The Suquamish are a Lushootseed (Puget Salish) speaking people that traditionally lived along the Kitsap Peninsula, including Bainbridge and Blake Islands, across Puget Sound from present Seattle. Many of the present Suquamish live on the Port Madison Indian Reservation in the reservation towns of Suquamish and Indianola.
The ancestral Suquamish have lived in Central Puget Sound for approximately 10,000 years. The major Suquamish winter village was at Old Man House on the shoreline of Agate Passage at d’suq’wub meaning “clear salt water.” The Suquamish name translates into the “people of the clear salt water.” The Suquamish depended on salmon, cod and other bottom fish, clams and other shellfish, berries, roots, ducks and other waterfowl, deer and other land game for food for family use, ceremonial feasts, and for trade. The Suquamish, due to the absence of a major river with large salmon runs in their immediate territory, had to travel to neighboring marine areas and beyond to harvest salmon.
The Suquamish lived in shed-roofed, cedar plank houses during the winter months. The Suquamish had winter villages at Suquamish (Old-Man-House), Point Bolin, Poulsbo, Silverdale, Chico, Colby, Olalla, Point White, Lynwood Center, Eagle Harbor, Port Madison and Battle Point. The best known winter village was at Old Man House, the home of Chief Seattle and Chief Kitsap. The Suquamish periodically left their winter residences in the spring, summer and early fall in family canoes to travel to temporary camps at fishing, hunting and berrying grounds. The seasonal camps consisted of portable frames made of tree saplings covered with woven cattail mats.
The Suquamish produced a variety of ingenious tools and other devices to efficiently harvest fish and gather other foods. The Suquamish are best known for their traditional basketry. The “hard baskets” made from coiled cedar roots were used for gathering berries, but were also watertight, which made them ideal for carrying water and also for cooking. The Suquamish would heat stones in a fire and drop them into the water-filled baskets to make soups from smoked salmon and wild potatoes. The Suquamish decorated the berry baskets by imbricating them colored barks in a various designs.
The Suquamish mostly traveled by water in dugout cedar canoes. The canoe maker fashioned the canoe from a single cedar log, which after carving required steaming and spreading to make the canoe wider for buoyancy and greater cargo space. The Suquamish also had a large network of trails leading from their winter villages to important camping areas and neighboring tribal villages.
The Suquamish had their first recorded contact with non-natives in 1792 with the arrival of British explorer Captain George Vancouver. Vancouver anchored off Bainbridge Island and traded with the Suquamish and surveyed Suquamish waters. Over the next fifty years, the Suquamish adapted to a changes brought on by the entry of non-natives into the Puget Sound. Fur traders and missionaries were the first and were then followed by permanent settlers traveling over the Oregon Trail. Settlement intensified in the 1850s after Congress passed the Oregon Donation Land Claim Act that opened Suquamish and other tribal lands to non-native settlement. Entrepreneurs also began building sawmills to harvest the vast stands of virgin timber on Suquamish lands, including mills at Port Madison, Port Gamble and Port Blakely. The Suquamish cut and delivered logs to the mills to support themselves.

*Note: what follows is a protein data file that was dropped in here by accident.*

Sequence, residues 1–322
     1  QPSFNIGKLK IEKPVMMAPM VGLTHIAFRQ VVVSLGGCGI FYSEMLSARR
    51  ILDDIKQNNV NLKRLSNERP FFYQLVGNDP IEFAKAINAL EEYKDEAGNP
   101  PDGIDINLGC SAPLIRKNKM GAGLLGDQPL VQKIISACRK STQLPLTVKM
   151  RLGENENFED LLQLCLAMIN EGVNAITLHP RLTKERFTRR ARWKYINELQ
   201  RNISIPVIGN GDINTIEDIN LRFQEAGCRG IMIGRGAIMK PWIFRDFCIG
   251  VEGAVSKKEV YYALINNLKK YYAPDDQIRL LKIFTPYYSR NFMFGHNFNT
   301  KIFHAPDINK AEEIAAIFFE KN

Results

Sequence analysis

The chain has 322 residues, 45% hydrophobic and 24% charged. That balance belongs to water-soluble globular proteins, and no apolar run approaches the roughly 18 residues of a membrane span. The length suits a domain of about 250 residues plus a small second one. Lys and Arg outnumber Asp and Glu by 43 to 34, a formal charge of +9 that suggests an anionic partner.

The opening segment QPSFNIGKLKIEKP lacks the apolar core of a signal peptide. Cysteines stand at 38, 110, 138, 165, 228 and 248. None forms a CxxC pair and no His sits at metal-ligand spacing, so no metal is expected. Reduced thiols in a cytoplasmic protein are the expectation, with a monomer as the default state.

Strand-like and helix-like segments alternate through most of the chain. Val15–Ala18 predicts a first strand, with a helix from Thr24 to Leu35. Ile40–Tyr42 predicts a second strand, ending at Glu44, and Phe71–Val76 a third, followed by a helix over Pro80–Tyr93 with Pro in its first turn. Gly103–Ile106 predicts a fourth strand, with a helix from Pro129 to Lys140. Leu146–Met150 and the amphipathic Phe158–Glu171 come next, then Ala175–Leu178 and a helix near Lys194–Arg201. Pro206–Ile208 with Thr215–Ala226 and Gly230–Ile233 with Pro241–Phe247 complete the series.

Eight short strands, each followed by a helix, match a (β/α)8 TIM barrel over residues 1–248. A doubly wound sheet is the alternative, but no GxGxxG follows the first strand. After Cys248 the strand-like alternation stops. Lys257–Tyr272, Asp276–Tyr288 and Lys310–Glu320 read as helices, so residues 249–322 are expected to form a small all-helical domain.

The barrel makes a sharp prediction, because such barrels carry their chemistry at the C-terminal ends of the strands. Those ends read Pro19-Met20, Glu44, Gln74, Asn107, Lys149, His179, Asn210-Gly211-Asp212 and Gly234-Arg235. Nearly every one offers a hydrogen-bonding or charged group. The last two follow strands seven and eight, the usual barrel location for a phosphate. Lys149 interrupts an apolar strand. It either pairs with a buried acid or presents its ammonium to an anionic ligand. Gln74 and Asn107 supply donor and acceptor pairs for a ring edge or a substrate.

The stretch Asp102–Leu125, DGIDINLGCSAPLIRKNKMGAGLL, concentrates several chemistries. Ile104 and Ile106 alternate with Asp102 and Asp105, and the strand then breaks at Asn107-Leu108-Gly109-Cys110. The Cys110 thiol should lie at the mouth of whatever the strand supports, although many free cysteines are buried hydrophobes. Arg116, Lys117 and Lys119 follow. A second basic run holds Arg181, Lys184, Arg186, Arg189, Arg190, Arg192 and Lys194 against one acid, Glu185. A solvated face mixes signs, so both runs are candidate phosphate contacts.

In 1855, Washington Territorial Governor Isaac Stevens arrived in Puget Sound intent on clearing the land for more intensive settlement. Four years earlier, the City of Seattle, named for Chief Seattle, was established by Seattle pioneers, who were indebted to the Suquamish/Duwamish Chief for helping them during their early struggles to survive. Governor Stevens needed to clear the aboriginal title to the land to claim the property ahead of his plans to bring the transcontinental railroad to Puget Sound. On January 22, 1855, Suquamish leaders, led by Chief Seattle, signed the Treaty of Point Elliott at Mukilteo. The Suquamish gave up title to their lands, which encompassed most of present Kitsap County, for acknowledgement and protection of their fishing and hunting rights, health care, education and a reservation at Port Madison.
The Suquamish continue to live on the Port Madison Indian Reservation. The Suquamish Tribe has 950 enrolled members of which half live on the reservation. The Suquamish have persevered despite attempts by the federal government to assimilate them through land policy; especially the allotment of the reservation into separate parcels assigned to family heads in 1886, the destruction of Old Man House village and scattering of the tribal settlement in 1904, and the mandatory attendance of Suquamish children at Indian Boarding Schools from 1900-1920. The Suquamish presently are experiencing a cultural resurgence and are planning to begin construction of a new community house in the tradition of Old-Man-House. We continue to exercise their treaty rights to fish and gather shellfish. We are exercising our ancient right to self-governance and currently have 240 employees in a variety of government programs. Relying on our ancestral traditions, the Suquamish look forward to a prosperous future.